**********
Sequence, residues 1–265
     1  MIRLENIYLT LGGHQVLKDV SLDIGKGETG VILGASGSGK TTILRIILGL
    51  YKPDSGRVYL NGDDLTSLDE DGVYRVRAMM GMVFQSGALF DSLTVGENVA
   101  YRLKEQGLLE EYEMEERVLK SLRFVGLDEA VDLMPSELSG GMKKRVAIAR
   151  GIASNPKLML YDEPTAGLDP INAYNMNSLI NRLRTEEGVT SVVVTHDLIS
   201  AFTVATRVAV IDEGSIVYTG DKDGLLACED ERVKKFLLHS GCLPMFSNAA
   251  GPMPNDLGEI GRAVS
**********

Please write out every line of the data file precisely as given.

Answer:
Sequence, residues 1–265
     1  MIRLENIYLT LGGHQVLKDV SLDIGKGETG VILGASGSGK TTILRIILGL
    51  YKPDSGRVYL NGDDLTSLDE DGVYRVRAMM GMVFQSGALF DSLTVGENVA
   101  YRLKEQGLLE EYEMEERVLK SLRFVGLDEA VDLMPSELSG GMKKRVAIAR
   151  GIASNPKLML YDEPTAGLDP INAYNMNSLI NRLRTEEGVT SVVVTHDLIS
   201  AFTVATRVAV IDEGSIVYTG DKDGLLACED ERVKKFLLHS GCLPMFSNAA
   251  GPMPNDLGEI GRAVS